Mastodon Twitter Instagram Youtube
Apr 12, 22

Canadian Tire Fire #34: Fight Continues Against CGL Pipeline; Analysis of Temporary Foreign Worker Program

cover image: @laylastaats

This week, we share updates on resistance to the Coastal Gaslink project being pushed through Wet’suwet’en territory. We also take a deeper look at recent changes to Canada’s temporary foreign worker policy. Finally, we share the call for justice for Ezra Amos, a Hamilton and Toronto-based organizer who passed away in late March.

We also want to give a shoutout this week to Distro Disco, a mobile free store distributing material resources to unhoused community members on unceded Squamish Musqueam and Tsleil-waututh land (Vancouver, BC). They distribute supplies in the Downtown Eastside most Saturdays, and hold donation drives on the first Saturday of each month, with the next coming up May 7.

Updates from the Struggle Against Coastal Gaslink

The struggle against Coastal GasLink, led by Wet’suwet’en land defenders and their supporters at the Gidimt’en Checkpoint, continues to deal blows to the pipeline and its investors. Repression continues as well, against the many across the country who have participated in the fight.

In happy news, Vanessa Gray, an Anishinaabe land defender based in Toronto, has had her charges dropped. The charges had been laid in November 2021 by the Canadian Pacific Railway Police Service in connection to a Wet’suwet’en solidarity action in Toronto. As Vanessa explains, “This event was attended by hundreds of people. The charges included three counts of mischief, interference with property, causing disturbance, loitering, unlawful assembly, trespassing, and failure to give way.”

“Canada continues to wrongfully target and arrest Indigenous community members for showing our solidarity with one another and enacting our responsibilities to protect our land. The criminalization of Indigenous land defenders is a strategy to enforce the colonial law that is fueling war and the climate disaster our present and future generations face. Gary Wassaykeesic still faces charges of trespass and mischief for attending the same event I was charged for.”

Repression and surveillance of land defenders on the Yintah continues as well. On April 8th, APTN published an article detailing the particular concern the federal government has expressed regarding relationships between Mohawk and Wet’suwet’en land defenders. The government specifically feared that the relationships of solidarity would continue to develop and that the situation would escalate to the level of the #ShutDownCanada movement in 2020.

On the Yintah, police continue their campaign of harassment and surveillance against land defenders at the Gidimt’en Checkpoint. They conduct daily visits to the camp, breaking through gates and sneaking around in the surrounding bush.

While the legal and repressive fallout from the years long struggle against the pipeline continues, so to do actions against investors. Multiple RBC branches were targeted recently in Southern Ontario.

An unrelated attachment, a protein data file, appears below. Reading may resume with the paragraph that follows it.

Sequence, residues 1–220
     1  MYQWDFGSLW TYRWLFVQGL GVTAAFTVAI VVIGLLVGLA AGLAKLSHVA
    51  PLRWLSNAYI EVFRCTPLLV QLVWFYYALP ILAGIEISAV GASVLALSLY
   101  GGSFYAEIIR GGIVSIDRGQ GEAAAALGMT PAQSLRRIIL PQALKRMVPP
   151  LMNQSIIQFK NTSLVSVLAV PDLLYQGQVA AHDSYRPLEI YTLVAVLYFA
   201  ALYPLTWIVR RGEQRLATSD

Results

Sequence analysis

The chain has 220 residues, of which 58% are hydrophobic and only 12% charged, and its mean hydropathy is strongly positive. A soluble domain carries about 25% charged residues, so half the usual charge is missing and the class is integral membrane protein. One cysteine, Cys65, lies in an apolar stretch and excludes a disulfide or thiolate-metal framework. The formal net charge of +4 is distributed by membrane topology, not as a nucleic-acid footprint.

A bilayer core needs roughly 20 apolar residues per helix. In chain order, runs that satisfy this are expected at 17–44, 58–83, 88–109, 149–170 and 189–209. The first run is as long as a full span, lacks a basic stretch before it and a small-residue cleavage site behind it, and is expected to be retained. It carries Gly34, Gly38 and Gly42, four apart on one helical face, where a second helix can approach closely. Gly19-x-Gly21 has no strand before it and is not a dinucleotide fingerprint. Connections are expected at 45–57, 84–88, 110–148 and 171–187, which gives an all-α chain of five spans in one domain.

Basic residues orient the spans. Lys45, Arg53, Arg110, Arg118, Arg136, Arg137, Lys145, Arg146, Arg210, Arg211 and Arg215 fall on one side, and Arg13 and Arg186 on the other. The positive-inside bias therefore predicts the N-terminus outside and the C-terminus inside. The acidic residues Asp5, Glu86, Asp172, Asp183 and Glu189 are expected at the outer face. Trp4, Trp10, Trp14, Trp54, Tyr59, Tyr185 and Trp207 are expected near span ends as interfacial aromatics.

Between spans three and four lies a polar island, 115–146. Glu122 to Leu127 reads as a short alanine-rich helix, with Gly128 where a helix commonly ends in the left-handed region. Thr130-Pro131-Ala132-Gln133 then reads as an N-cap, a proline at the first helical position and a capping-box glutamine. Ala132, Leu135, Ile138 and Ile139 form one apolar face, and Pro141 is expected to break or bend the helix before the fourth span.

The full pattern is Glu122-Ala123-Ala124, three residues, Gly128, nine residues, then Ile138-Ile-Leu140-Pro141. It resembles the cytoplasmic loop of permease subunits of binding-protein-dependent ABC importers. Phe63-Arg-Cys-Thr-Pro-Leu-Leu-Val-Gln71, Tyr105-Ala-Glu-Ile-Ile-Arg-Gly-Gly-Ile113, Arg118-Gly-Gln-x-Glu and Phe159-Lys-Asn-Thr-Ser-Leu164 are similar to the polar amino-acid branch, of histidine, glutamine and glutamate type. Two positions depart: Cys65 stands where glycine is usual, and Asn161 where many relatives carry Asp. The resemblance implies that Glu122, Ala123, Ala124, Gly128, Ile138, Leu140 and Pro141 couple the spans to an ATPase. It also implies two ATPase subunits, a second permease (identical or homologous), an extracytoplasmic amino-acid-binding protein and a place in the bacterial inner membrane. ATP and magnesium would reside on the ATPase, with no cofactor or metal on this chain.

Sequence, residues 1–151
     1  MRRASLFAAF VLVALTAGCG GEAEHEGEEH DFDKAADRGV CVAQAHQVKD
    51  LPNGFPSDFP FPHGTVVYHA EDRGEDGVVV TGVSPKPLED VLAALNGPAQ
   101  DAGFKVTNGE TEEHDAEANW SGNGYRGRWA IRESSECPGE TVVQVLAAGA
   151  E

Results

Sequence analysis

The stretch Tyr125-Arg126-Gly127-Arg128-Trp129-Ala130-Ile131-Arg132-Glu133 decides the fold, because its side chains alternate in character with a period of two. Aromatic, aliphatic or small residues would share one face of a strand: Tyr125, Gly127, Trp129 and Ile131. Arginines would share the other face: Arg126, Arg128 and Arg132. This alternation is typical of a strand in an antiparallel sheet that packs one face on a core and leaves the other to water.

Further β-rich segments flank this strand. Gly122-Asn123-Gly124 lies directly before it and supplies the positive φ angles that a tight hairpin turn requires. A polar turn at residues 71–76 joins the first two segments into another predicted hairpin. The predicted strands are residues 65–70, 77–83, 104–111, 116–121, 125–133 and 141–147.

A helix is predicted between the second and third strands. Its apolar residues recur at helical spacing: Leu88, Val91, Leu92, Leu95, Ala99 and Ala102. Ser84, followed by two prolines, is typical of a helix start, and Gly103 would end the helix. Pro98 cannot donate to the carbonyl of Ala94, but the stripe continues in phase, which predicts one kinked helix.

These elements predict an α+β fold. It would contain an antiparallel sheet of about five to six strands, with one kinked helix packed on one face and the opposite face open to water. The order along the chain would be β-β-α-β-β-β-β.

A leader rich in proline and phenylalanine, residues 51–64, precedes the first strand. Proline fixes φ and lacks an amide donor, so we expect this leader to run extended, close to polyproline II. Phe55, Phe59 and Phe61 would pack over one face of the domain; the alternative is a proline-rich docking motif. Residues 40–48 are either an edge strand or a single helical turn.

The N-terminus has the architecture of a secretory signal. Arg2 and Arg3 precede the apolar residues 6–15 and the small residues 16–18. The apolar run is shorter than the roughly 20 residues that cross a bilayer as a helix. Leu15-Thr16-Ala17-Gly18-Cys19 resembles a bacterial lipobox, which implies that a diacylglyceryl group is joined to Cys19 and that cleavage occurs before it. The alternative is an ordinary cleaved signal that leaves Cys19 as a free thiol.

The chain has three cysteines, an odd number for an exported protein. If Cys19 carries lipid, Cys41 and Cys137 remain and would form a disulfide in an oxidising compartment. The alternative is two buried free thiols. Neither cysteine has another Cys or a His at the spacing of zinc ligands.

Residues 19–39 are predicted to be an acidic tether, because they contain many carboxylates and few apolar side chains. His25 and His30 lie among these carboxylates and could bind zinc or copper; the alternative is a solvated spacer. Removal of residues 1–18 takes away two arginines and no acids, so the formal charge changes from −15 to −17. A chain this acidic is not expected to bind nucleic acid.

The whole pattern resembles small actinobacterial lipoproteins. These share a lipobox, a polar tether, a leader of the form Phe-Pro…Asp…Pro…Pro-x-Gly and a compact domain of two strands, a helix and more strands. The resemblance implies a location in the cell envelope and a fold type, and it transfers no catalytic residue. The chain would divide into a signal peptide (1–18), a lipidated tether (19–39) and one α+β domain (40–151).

From a communique published on North Shore Counter-Info:

This week across southern ontario and quebec, we’ve lost count on how many RBC branches were targeted (we estimate 10+) for disruption and attack. So-called toronto, hamilton, montreal… friends in places as small as orillia and as distant as nanaimo. These actions respond to a need to target investors in the Coastal Gaslink pipeline project – which is currently behind schedule thanks to the direct attack that took place in february as well as the successful campaigns to block the project thus far lead by Gidimt’en Clan – but is still rapidly being constructed on unceded Wet’suwet’en territory.

RBC is one of its largest financial backers, and in the past week and preceding months, has been the subject of pressure tactics ranging from direct action interfering with bank branches, to pushing elites/clients to pull their money out of RBC accounts, to organizing to disrupt RBC’s Annual General Meeting in Toronto. The message is clear: the Royal Bank of Canada needs to divest from CGL immediately.

In hamilton, where we’re writing from, bank branches were vandalized, had their locks glued, and ATMs damaged. We chose these methods to directly interfere with the operations of the bank, hurt them financially and in their public image, and to contribute to the spread of easily-replicable, anonymous actions.

On April 7th, Wet’suwet’en hereditary chiefs were in Toronto to attend the RBC AGM. But in response to their presence, the in-person portion of the AGM was cancelled.

Outside of where the in-person AGM was supposed to happen, a large demonstration took place in support of the Wet’suwet’en pipeline resistors.

In Montreal, a small solidarity demonstration was held on April 7th outside an RBC branch.

RBC has been the focus for many anarchists and others organizing against the pipeline, but they are not the sole financier of the pipeline, and many groups are targeting other banks as well. On April 5th, a Greenpeace Canada action targeted the Scotiabank AGM for its funding of fossil fuels including the CGL project.

With ‘Labor Shortage’ Giving Workers an Edge, Changes to Temporary Foreign Worker Program (TFWP) Reignites Tensions

Through the fall and winter we have seen labour battles on the rise. Strikes, lockouts, worker solidarity and unionization attempts were regular news over the past many months. At the same time, businesses were trying to create a narrative of people not being willing to work. Pandemic assistance programs were blamed, whether correctly or not, with letting people realize they deserve to have financial security. That people deserve to have shelter and food and that life should not be a daily struggle for survival. Union coverage was already on the rise before the pandemic, hitting a peak in Canada of 32%. But beyond union representation the current “labour shortage” has given workers some bargaining power for better pay and conditions on their own.